Category Archives: philosophy

Questioning academics

"intellectruism"

A table at the Science Museum’s Dana Centre coffee shop. No, I don’t know what it means either. 

The latest episode of Brain Train is up – the podcast I work on where we get academics to quiz other academics – this time with autism researcher Johanna Finneman interviewing philosopher Nina Power. I think my favourite bit is where Power stands up for the right of philosophers to be “a little bit annoying”. As much as I am a philosopher (and I’d say I’m roughly 15% philosopher, albeit a self-hating one most of the time) I very much ascribe to that.

The format’s designed so each episode an academic interviews another about their work, then in the next episode the interviewee becomes the interviewer (and the expert becomes the novice) and so on. At the end of each episode we also ask the interviewee (the expert) what questions they have for their own field. These are Power’s, for philosophy, but I think they could be directed to about any group of the academy.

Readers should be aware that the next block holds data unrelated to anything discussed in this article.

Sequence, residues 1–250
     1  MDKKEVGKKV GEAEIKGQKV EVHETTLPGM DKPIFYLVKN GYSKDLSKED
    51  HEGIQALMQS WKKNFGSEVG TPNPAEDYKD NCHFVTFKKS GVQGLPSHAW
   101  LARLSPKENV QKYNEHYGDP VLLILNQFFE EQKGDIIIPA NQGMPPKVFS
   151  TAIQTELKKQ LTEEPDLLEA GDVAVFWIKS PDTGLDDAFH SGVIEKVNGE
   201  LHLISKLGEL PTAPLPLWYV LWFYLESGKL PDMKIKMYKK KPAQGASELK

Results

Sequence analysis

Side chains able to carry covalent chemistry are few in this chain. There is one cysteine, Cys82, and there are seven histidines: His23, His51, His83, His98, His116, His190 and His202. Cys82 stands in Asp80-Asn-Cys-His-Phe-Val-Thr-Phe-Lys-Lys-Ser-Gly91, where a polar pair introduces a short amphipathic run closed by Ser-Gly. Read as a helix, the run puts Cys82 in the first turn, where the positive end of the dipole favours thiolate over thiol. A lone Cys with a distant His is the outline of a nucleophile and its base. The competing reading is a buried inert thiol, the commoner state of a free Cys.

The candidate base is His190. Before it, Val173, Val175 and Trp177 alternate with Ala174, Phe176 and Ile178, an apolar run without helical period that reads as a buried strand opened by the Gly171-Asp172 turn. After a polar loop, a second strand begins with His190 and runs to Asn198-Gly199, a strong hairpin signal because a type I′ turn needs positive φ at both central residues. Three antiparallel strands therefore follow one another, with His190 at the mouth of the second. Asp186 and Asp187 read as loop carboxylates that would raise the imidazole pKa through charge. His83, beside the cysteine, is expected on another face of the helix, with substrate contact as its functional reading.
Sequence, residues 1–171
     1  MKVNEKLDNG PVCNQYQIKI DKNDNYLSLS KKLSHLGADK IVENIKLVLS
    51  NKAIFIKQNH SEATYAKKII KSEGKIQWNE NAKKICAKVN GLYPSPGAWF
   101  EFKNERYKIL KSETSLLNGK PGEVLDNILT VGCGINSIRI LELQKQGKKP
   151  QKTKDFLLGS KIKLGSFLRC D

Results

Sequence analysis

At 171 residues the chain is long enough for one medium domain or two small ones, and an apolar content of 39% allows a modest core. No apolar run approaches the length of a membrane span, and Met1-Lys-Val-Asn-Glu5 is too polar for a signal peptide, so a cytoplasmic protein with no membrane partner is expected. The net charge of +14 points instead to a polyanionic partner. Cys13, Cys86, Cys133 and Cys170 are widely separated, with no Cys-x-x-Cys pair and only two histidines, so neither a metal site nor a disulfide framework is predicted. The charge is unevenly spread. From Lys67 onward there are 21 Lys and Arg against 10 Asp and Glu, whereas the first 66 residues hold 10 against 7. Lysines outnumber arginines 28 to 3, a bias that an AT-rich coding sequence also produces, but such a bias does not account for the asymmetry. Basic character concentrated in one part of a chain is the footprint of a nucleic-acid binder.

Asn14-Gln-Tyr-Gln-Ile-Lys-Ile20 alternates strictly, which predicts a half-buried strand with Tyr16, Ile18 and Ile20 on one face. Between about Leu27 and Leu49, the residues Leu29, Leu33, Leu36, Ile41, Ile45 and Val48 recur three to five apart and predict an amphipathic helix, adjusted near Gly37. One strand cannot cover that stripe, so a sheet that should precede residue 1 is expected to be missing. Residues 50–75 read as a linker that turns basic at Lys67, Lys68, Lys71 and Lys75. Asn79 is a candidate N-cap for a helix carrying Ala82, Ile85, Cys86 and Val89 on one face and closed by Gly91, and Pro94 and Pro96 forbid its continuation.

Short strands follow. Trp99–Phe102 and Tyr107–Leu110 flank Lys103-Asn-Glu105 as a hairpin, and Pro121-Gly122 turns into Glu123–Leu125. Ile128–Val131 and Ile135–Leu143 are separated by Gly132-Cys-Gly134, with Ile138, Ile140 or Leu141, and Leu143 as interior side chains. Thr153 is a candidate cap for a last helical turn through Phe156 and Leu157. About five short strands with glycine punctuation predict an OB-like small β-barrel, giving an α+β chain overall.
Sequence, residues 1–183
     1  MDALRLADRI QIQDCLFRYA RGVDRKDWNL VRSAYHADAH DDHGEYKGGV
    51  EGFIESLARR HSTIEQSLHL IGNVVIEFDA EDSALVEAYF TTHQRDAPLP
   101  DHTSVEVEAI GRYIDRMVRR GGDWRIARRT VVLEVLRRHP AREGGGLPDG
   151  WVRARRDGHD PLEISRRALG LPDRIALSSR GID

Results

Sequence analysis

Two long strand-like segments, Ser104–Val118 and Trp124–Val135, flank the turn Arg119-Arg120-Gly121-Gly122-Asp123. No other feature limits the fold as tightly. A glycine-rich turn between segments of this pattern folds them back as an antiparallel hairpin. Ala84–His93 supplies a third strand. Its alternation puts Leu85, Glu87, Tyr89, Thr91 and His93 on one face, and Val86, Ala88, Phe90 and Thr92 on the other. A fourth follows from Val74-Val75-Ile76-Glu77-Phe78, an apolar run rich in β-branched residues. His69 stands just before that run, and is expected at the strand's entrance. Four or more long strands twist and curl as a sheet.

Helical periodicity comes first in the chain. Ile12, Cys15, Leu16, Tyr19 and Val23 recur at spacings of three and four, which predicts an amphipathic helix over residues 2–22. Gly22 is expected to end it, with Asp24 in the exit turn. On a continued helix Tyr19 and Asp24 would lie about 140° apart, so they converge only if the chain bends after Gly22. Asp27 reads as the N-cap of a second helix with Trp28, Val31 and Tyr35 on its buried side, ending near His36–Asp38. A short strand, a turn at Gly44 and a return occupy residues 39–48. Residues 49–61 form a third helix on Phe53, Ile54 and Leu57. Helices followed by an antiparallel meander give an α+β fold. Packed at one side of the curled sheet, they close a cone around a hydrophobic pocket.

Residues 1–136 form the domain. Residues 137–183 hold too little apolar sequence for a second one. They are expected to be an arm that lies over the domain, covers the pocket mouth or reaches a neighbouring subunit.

A political question [first]: how do we get philosophers at Russell Group Universities to defend those philosophy departments at non-Russell Group universities that are being closed? I’d like to see solidarity across my subject, because it’s my feeling that if you love and care about the subject, you would want to see more of it, everywhere, not less of it. And not trying to sort of keep it to yourself  and you know, get all the research money which they get already and you sit by while philosophy departments left right and centre get closed. So that’s a political question […]

I guess the question you’re [Johanna started with] asking me: How do we get philosophy out there? How do we critically but clearly state what we think is important about philosophy? […] How do we make the link between the critical questions that people have all the time to the older and ongoing philosophical questions in a non-patronising way, in a way that doesn’t kind of, I don’t know, but nor does it reduce to a self-help model of philosophy, this kind of popular philosophy that is, I think, anti-philosophical in lots of ways.